In 2011, when Japan experienced a massive tsunami and subsequent meltdown at the Fukushima Daiichi nuclear plant, renewed attention to nuclear safety swept the globe. There are more than 450 nuclear reactors on the planet – many of them built more than 40 years ago, before the discovery of some of the potential environmental dangers that are known today. Many of Japan’s nuclear reactors, for example, were built in the 1970’s and are perched on the coast.
With an increased focus on nuclear safety, research has turned toward the development of accident tolerant nuclear fuels. Testing these fuels, however, is difficult. Current methods put a fuel into a test reactor, irradiate it for a period of time, take it out, and evaluate it, providing a limited amount of data exclusively from the end points of the experiment.
Jamie Coble, associate professor of nuclear engineering and Southern Company Faculty Fellow, hopes to change this. Her JDRD work is currently focused on building a sensor to collect data on nuclear fuels while they are in the reactor, providing a much clearer picture of what is happening in the experiment.
“This is very challenging to do for a number of reasons. It’s a high-radiation, high-temperature environment. It’s also very tight, so there’s not a lot of space to put in a big, bulky sensor,” said Coble.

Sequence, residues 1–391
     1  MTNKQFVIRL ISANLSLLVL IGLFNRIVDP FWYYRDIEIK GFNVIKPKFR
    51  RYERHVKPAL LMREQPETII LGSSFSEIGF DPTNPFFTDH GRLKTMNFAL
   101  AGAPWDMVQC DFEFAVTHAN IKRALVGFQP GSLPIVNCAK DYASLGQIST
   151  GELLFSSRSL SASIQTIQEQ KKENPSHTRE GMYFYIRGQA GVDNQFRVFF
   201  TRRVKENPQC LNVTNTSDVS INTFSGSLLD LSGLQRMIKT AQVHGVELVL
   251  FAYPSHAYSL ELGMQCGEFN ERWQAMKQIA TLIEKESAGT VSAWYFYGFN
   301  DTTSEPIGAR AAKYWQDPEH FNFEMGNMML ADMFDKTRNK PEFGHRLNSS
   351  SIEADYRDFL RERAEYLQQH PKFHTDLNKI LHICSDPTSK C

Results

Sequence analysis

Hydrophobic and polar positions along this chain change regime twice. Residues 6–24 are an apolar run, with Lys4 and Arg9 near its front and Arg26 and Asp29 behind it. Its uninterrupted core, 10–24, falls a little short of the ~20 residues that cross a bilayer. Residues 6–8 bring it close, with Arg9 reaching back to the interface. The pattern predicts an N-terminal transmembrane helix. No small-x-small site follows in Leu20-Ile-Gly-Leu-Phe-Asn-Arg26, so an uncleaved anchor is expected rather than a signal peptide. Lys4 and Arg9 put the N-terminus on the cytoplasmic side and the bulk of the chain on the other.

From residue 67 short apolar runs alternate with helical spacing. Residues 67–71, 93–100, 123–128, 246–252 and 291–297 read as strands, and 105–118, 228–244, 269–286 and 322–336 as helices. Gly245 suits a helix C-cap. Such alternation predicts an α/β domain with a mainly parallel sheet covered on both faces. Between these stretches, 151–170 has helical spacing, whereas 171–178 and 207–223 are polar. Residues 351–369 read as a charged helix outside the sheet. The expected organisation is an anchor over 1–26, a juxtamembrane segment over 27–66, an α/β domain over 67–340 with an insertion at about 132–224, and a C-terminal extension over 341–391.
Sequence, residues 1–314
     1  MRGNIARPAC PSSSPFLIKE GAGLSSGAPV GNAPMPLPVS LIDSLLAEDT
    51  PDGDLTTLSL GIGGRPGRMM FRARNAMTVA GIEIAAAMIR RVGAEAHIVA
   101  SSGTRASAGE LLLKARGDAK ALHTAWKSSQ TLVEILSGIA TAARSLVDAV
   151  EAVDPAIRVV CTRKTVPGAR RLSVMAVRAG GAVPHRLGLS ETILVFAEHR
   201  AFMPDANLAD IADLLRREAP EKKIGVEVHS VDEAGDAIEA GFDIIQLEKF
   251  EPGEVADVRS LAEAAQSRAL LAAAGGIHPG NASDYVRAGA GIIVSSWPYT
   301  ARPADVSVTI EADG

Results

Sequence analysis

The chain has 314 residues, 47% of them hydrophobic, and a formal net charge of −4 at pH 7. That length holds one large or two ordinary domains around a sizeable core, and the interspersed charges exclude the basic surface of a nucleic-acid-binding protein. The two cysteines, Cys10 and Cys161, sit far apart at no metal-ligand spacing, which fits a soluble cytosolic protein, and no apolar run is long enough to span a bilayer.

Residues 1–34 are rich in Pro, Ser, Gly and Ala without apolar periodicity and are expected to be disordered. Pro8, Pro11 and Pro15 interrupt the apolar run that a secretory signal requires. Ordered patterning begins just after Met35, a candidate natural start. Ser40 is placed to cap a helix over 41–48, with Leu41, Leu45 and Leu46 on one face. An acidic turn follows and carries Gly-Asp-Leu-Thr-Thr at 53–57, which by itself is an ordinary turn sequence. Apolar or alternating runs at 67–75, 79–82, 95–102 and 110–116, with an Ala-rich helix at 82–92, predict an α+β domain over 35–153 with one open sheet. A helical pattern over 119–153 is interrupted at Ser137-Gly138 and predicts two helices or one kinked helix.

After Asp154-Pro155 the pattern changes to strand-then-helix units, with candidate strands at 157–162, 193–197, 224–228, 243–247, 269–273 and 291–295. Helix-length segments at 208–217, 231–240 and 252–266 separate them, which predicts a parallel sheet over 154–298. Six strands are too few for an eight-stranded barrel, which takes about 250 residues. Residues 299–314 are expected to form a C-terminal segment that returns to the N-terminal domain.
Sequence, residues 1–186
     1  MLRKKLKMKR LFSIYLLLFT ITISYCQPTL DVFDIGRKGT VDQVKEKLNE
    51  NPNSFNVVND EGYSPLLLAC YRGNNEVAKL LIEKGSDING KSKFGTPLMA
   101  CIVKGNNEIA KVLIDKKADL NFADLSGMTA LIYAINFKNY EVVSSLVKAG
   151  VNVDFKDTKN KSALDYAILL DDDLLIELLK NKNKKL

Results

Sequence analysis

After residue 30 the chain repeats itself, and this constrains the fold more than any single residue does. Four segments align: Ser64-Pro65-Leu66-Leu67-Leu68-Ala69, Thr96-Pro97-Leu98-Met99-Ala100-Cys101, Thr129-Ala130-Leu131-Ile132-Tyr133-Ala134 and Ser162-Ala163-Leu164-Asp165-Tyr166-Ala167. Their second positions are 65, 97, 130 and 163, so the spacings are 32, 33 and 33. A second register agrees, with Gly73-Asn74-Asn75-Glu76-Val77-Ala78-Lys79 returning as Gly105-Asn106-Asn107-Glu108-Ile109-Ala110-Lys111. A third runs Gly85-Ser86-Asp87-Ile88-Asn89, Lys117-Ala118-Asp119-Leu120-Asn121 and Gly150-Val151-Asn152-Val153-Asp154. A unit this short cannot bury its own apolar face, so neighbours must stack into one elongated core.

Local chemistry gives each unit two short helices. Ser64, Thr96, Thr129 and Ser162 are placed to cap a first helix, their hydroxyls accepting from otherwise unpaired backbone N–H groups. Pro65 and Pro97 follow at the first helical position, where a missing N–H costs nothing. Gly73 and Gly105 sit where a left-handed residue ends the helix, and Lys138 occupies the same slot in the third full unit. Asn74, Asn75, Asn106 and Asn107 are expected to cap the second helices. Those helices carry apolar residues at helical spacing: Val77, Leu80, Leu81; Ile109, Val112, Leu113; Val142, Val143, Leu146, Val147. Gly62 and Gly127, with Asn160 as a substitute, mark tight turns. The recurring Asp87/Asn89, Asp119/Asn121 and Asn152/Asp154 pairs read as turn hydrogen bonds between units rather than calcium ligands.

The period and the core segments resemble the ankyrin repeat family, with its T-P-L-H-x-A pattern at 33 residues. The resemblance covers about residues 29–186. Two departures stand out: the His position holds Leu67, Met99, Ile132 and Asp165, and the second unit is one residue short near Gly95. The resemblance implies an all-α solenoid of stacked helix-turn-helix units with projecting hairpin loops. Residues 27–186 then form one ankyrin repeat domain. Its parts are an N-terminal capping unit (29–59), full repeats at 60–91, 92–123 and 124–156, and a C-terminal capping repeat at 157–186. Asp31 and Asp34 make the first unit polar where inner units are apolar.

To address these limitation, Coble’s team worked to develop a sensor that was capable of surviving the extreme conditions inside the reactor and small enough to fit inside the available space. The completed sensor fits around a fuel rod like a ring or cuff and measures any dimensional changes taking place as a result of the irradiation.
In the first year of Coble’s JDRD work, her team identified appropriate materials from which to construct the device, conducted modeling and simulation, and designed and built both the sensor and a testing apparatus to conduct initial experiments.
“Our initial results look really good. We’re getting different enough measurements that we can actually differentiate some changes in the material,” said Coble. “In the first year I feel like we got pretty good agreement between our simulations and our experimental results.”
Coble plans to take her sensor to ORNL for testing with collaborators there, which may require some alterations to accommodate a different experimental system. She hopes to present the team’s progress at a meeting of the American Nuclear Society.